The global economic downturn may not be good news for most companies, but it has spurred increasing interest in open source, and Linux-based operating systems in particular, the report revealed.
A survey of over 300 senior IT professionals from organisations with more than 100 people found that nearly three quarters (72 per cent) are either actively evaluating, or have already decided to increase, their adoption of Linux on the server this year, and more than two thirds (68 per cent) made the same claim for the desktop.
Respondents highlighted demands to cut spending and support costs as the biggest factors driving the migration to Linux. More than four out of 10 plan to add additional workloads onto Linux-based systems over the next year or two years, and half intend to make Linux their primary server platform within five years.
Those reluctant to move to the open source operating system cited a lack of application support, and poor interoperability with Windows and other environments, as their primary concerns.
"The feedback gleaned from this survey confirms our belief that, as organisations fight to cut costs and find value in this tough economic climate, Linux adoption will accelerate," said Markus Rex, general manager and senior vice president for open platform solutions at Novell.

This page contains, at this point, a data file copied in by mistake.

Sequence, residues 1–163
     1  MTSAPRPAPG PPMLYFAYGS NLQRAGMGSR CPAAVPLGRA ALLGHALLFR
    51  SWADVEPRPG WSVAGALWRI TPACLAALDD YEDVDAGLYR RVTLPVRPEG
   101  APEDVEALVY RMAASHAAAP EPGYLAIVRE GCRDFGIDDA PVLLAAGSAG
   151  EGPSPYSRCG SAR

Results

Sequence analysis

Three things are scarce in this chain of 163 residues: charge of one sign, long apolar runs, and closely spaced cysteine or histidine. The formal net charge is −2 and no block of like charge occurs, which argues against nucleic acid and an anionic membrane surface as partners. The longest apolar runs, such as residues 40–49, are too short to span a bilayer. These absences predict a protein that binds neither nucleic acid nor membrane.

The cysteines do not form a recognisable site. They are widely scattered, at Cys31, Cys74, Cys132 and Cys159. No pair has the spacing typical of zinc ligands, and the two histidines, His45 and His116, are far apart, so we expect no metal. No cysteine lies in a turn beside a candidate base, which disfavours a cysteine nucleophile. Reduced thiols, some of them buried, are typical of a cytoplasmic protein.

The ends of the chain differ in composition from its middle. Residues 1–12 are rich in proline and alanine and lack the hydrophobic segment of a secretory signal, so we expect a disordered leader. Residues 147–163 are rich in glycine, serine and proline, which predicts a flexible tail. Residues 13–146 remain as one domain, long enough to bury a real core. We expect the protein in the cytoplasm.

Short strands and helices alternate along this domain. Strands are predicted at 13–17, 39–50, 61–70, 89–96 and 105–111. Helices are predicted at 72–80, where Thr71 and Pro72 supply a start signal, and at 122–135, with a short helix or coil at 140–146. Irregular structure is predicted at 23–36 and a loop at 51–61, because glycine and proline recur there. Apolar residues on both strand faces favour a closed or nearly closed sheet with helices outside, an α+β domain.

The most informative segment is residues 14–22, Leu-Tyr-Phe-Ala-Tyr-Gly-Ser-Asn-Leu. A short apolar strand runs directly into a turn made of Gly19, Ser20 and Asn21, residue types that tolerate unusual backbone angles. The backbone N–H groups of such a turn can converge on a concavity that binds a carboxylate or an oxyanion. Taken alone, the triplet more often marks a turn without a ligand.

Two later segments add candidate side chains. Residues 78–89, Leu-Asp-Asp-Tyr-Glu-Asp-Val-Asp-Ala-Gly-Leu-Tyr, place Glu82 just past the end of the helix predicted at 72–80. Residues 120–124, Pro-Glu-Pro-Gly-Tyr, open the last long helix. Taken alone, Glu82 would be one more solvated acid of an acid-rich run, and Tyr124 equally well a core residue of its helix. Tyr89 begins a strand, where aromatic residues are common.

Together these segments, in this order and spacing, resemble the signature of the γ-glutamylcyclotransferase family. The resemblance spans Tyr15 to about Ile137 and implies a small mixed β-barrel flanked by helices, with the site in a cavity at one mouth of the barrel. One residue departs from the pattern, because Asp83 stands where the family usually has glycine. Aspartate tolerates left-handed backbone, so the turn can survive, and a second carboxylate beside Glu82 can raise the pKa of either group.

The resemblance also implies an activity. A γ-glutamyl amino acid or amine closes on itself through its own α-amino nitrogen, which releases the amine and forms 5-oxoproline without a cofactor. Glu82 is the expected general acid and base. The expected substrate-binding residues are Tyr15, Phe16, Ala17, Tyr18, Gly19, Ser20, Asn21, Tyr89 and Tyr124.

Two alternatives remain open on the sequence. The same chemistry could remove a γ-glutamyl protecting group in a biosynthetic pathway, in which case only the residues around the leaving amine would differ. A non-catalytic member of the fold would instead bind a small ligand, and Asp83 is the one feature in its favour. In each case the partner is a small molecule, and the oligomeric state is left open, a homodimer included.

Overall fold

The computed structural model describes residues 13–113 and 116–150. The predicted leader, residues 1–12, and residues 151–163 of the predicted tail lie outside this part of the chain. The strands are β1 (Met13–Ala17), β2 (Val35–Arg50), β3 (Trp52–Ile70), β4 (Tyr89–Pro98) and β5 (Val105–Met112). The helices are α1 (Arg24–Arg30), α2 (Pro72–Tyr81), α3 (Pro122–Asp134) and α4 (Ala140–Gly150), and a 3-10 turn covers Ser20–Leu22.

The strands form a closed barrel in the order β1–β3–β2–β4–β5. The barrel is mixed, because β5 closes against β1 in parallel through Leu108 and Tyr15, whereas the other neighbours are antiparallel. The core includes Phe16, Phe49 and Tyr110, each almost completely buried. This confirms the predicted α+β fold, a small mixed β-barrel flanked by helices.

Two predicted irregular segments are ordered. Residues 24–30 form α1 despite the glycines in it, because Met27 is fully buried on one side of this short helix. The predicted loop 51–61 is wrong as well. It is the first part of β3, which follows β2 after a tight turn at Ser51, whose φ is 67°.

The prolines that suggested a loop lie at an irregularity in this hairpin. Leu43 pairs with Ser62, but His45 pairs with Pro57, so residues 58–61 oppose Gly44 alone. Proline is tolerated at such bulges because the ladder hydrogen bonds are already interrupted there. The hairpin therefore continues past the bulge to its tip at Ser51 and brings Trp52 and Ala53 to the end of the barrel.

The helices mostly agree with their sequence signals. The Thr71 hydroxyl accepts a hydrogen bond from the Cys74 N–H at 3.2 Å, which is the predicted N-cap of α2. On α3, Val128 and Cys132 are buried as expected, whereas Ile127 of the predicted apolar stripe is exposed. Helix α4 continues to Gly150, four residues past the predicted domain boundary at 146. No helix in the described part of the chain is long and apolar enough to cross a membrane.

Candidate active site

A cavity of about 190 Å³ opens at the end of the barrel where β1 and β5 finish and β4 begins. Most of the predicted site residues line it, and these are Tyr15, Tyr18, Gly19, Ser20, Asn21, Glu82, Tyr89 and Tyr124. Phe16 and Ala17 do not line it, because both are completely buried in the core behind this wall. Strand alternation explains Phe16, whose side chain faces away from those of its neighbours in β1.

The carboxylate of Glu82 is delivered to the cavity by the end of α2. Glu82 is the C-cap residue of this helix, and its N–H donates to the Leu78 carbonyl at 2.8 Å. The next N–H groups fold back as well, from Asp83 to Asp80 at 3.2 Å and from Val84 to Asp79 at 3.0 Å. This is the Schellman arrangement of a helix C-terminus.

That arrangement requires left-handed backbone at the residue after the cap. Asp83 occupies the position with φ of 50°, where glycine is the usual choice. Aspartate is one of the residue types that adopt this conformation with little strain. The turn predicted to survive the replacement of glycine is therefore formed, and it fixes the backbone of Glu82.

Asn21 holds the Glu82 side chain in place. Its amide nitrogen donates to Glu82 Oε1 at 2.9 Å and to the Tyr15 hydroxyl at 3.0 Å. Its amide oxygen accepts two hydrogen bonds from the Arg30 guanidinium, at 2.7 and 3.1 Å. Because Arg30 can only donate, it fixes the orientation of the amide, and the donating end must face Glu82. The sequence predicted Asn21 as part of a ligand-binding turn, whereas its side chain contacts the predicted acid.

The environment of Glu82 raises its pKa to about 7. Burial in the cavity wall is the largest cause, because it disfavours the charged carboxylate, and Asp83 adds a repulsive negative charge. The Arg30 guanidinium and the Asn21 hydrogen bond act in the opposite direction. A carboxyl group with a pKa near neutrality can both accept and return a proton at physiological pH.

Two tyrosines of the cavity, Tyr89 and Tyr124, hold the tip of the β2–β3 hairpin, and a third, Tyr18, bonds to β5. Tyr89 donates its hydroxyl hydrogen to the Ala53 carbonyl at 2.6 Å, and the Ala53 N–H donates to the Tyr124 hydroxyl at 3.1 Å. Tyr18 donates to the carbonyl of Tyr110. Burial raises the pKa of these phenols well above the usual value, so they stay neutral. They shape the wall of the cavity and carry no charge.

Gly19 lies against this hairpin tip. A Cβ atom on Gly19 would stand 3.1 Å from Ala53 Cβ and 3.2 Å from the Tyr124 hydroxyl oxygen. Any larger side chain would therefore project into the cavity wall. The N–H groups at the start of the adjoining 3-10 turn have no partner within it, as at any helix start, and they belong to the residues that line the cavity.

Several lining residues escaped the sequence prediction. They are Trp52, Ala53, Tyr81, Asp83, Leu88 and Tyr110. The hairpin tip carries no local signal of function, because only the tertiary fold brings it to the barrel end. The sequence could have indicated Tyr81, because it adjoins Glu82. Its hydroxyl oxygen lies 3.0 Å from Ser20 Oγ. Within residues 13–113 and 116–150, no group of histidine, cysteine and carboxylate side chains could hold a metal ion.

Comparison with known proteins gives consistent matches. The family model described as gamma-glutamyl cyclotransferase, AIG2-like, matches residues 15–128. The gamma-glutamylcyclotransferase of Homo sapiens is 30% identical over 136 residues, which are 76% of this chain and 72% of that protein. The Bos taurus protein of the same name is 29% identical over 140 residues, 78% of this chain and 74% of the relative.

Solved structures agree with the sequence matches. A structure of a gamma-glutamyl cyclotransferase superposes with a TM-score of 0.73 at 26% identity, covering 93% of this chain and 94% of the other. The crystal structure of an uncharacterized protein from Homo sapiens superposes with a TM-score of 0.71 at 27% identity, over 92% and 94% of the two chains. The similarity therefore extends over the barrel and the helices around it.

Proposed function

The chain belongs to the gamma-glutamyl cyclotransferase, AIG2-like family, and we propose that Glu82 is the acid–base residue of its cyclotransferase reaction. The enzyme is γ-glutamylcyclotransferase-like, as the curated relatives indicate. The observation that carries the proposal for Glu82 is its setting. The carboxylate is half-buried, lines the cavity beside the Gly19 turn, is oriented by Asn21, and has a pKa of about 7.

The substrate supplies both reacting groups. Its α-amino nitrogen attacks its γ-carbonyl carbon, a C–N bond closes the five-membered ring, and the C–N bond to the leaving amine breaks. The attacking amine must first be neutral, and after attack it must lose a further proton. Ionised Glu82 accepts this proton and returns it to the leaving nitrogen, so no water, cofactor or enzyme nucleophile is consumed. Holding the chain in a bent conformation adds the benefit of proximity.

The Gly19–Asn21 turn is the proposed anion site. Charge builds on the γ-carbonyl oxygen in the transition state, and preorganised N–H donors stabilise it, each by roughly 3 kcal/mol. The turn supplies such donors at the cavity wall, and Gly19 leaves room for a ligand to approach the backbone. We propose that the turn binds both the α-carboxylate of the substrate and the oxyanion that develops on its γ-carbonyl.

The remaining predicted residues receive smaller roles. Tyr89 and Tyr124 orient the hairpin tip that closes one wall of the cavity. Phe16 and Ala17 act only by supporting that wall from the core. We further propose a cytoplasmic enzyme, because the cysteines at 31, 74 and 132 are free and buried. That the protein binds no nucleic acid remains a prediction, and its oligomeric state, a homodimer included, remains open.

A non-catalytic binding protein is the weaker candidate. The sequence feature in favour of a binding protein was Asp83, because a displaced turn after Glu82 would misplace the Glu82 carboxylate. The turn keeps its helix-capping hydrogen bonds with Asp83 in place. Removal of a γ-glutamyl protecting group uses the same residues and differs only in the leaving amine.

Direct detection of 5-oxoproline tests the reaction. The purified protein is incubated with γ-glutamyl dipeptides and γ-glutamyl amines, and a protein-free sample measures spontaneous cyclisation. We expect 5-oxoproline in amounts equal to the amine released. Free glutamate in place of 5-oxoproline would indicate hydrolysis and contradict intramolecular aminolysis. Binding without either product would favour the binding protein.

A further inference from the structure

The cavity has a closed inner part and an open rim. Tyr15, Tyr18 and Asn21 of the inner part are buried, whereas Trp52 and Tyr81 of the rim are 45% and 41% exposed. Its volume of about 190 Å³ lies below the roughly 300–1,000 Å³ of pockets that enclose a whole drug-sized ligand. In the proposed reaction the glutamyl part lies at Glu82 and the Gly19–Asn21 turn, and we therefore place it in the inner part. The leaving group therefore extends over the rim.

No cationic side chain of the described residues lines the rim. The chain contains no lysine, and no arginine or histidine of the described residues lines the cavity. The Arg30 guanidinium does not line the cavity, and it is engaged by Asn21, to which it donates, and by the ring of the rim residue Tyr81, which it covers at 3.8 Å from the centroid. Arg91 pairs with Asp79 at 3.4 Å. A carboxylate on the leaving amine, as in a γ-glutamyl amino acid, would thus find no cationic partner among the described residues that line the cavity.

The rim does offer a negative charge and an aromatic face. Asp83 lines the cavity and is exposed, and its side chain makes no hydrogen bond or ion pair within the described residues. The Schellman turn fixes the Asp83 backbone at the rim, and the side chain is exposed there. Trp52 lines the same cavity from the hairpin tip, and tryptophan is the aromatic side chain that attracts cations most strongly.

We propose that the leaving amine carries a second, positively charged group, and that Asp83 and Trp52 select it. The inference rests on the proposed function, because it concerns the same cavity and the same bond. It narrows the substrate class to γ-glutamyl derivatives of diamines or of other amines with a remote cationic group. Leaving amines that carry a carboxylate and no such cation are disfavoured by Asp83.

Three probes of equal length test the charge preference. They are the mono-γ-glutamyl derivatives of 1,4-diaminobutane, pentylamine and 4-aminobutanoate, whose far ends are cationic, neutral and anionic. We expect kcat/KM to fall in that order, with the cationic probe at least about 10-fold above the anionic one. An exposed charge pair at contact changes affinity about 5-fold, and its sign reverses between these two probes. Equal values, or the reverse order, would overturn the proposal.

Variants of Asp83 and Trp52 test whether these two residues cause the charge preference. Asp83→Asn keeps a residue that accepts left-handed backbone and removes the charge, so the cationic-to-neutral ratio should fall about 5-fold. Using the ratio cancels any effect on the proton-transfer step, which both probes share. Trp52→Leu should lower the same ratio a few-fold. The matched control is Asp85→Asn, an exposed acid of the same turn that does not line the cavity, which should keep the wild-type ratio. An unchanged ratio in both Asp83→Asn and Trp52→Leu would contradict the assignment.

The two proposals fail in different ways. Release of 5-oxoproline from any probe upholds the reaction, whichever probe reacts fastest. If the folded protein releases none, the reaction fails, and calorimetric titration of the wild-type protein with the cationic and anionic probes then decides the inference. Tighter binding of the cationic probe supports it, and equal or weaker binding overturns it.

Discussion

"Companies also told us that strengthening Linux application support, interoperability, virtualisation capabilities and technical support will all fuel adoption even more."
The retail industry showed the greatest potential for increased Linux adoption, with 63 per cent of respondents planning an increase on the desktop and 69 per cent on the server.
However, despite many governments pledging greater investment and adoption of open source technologies, the report found the public sector lagging behind other areas.
Interestingly, nearly half of respondents stated that moving to virtualisation is accelerating their adoption of Linux, and the vast majority plan to evaluate, deploy or increase their use of virtualisation software within Linux operating systems over the coming years.
"Economic downturns have the tendency to accelerate emerging technologies, boost the adoption of effective solutions, and punish solutions that are not cost competitive," said Al Gillen, programme vice president of system software at IDC.
"This survey confirms that Linux users view it favourably, and this view places Linux in a competitive position to emerge from this downturn as a stronger solution."
However, a separate study by analyst firm Ovum suggests that, despite the growing adoption of Linux for servers and desktops, the same cannot be said for laptops.
This is particularly true when it comes to netbooks, which were originally seen as a perfect opportunity for the wide-scale rollout of Linux-based operating systems, but it seems that users are more comfortable with the familiar Windows environment.
All is not lost, though, according to Ovum's Netbooks: a Linux appliance opportunity report. The study highlights Google's open source Android mobile operating system as a potential focus for Linux vendors, which should push netbooks as an appliance rather than an alternative to Windows netbooks and laptops.
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